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Why Lori Loughlin and Mossimo Giannulli will appear in court earlier than expected

U.S. District Court in Boston updated its schedule for the college admissions scandal case to show that Loughlin and Giannulli will appear in court on Aug. 27.

Actress Lori Loughlin arrives at federal court in Boston on Wednesday, April 3, 2019, to face charges in a nationwide college admissions bribery scandal.
Actress Lori Loughlin arrives at federal court in Boston on Wednesday, April 3, 2019, to face charges in a nationwide college admissions bribery scandal.
Steven Senne, Associated Press

SALT LAKE CITY — Lori Loughlin and Mossimo Giannulli will present a "united front" in their college admissions scandal case when they appear in court next month.

U.S. District Court in Boston updated its schedule for the college admissions scandal case to show that Loughlin and Giannulli will appear in court on Aug. 27, for a Rule 44 hearing, which “establishes a procedure for avoiding the occurrence of events which might otherwise give rise to a plausible post-conviction claim that because of joint representation the defendants in a criminal case were deprived of their Sixth Amendment right to the effective assistance of counsel,” according to Cornell Law School’s Legal Information Institute.

So what does that mean? According to the Mercury News, the couple will waive their right to separate attorneys, stating that they understand there could be conflicts of interest.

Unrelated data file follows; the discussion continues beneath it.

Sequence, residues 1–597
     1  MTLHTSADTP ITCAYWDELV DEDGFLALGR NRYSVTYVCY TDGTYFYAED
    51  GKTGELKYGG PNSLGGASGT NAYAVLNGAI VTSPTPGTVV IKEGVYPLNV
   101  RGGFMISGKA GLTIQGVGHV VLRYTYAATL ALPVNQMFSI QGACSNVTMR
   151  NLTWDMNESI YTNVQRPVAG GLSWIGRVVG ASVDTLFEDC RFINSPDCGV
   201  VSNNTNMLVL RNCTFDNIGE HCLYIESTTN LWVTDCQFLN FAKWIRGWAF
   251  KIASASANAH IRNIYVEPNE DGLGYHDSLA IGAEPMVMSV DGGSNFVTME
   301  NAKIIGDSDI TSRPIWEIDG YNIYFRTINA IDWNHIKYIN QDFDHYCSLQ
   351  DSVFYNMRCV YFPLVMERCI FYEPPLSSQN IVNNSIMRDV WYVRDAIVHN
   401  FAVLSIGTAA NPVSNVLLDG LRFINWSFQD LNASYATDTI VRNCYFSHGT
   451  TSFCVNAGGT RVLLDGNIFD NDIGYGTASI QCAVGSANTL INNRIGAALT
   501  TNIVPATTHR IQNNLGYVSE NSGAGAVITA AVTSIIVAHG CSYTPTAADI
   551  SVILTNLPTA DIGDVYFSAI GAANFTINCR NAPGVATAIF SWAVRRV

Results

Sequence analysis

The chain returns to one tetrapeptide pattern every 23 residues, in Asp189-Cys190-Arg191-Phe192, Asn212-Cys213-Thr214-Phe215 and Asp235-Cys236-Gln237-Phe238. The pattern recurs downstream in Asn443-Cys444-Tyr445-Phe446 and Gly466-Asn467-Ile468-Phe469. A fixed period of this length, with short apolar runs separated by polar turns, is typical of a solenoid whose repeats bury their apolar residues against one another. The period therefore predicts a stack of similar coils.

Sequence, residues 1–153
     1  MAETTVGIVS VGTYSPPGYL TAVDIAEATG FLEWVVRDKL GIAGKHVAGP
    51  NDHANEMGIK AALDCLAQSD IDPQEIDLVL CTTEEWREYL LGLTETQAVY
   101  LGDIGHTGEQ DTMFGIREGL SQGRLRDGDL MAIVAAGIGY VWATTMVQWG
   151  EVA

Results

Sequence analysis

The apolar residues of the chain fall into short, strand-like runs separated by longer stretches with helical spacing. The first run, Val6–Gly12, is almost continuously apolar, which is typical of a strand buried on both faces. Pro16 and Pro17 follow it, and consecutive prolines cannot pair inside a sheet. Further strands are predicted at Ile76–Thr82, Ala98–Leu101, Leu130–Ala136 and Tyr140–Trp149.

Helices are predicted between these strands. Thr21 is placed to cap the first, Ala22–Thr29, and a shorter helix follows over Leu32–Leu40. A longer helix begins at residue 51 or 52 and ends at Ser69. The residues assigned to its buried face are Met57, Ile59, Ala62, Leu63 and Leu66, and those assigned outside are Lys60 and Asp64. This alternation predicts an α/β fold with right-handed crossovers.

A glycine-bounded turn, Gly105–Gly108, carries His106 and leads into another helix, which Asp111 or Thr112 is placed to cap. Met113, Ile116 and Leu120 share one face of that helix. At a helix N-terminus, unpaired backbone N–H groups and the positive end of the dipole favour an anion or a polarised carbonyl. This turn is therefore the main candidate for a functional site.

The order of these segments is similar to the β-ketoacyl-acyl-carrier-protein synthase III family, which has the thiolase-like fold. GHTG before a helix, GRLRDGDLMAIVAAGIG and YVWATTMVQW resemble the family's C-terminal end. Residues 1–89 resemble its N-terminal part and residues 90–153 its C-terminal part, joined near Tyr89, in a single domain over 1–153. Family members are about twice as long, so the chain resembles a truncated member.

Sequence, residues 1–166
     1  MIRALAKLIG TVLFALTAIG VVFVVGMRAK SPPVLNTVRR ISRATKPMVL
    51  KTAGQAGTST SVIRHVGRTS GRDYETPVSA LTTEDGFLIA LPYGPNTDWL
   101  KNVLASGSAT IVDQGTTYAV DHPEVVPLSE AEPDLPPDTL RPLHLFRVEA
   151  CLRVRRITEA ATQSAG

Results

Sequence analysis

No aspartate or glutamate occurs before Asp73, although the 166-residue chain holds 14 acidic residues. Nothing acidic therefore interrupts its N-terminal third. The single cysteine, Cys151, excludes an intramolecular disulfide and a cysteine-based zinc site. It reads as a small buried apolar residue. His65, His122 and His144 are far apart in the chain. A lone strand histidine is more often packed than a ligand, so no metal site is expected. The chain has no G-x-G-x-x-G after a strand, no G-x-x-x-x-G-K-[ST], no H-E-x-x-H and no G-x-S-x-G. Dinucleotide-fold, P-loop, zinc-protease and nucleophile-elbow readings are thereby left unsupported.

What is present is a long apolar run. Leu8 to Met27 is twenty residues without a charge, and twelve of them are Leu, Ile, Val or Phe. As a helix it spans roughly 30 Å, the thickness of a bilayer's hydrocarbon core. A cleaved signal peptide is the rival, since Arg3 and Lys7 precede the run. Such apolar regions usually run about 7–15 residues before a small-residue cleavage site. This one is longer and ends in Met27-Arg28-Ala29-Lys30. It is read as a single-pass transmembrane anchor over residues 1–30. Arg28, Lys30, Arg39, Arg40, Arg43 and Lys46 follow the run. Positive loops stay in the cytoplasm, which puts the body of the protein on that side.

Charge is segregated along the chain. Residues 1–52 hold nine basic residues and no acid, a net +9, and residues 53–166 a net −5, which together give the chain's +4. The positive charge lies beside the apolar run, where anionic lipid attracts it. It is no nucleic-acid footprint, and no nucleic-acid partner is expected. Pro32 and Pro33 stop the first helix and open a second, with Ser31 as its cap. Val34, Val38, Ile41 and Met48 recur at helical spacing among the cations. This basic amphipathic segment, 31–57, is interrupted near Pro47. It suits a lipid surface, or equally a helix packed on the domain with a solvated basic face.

“Giannulli and Loughlin are innocent of the charges brought against them and are eager to clear their names,” court documents state, according to the Mercury News. “And they believe their interests will be advanced most effectively by presenting a united front against the government’s baseless accusations.”

Former federal prosecutor Neama Rahmani told the Mercury News this will help the couple define their defense strategy. It lessens the likelihood that one spouse will bow out of the case and plead guilty, too. The couple also loses the potential benefit of testifying against each other in order to receive a lesser sentence.

However, the decision will make it harder for Loughlin and Giannulli to win an appeal based on having inadequate counsel.

But Loughlin and Giannulli’s lawyers believe “a common defense often gives strength against a common attack.”

“Whatever happens, Giannulli and Loughlin will have their interests fully protected, and the case will proceed without undue delay,” the attorneys wrote, according to the Mercury News.

Background: Loughlin and Giannulliare accused of paying $500,000 in bribes so that their daughters, Olivia Jade and Isabella Giannulli, could be crew team recruits for the University of Southern California. They both pleaded not guilty in the case.